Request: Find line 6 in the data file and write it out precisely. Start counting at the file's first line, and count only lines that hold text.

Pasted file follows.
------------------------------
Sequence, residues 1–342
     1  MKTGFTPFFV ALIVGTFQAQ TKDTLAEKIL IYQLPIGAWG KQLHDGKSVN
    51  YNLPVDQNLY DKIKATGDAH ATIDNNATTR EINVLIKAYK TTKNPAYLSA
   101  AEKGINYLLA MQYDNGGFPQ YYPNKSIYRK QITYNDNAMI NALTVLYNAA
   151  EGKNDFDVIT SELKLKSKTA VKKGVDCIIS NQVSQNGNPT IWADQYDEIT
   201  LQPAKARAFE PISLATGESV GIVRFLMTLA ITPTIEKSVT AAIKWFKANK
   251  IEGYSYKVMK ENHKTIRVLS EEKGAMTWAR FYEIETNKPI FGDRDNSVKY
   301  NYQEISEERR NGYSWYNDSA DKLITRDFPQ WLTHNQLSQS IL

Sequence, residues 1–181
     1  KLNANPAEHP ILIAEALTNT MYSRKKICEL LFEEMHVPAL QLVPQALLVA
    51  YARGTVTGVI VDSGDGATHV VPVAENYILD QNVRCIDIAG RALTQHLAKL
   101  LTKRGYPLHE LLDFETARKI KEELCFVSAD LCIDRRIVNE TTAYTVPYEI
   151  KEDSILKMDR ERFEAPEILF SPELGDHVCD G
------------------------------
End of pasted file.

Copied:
   201  LQPAKARAFE PISLATGESV GIVRFLMTLA ITPTIEKSVT AAIKWFKANK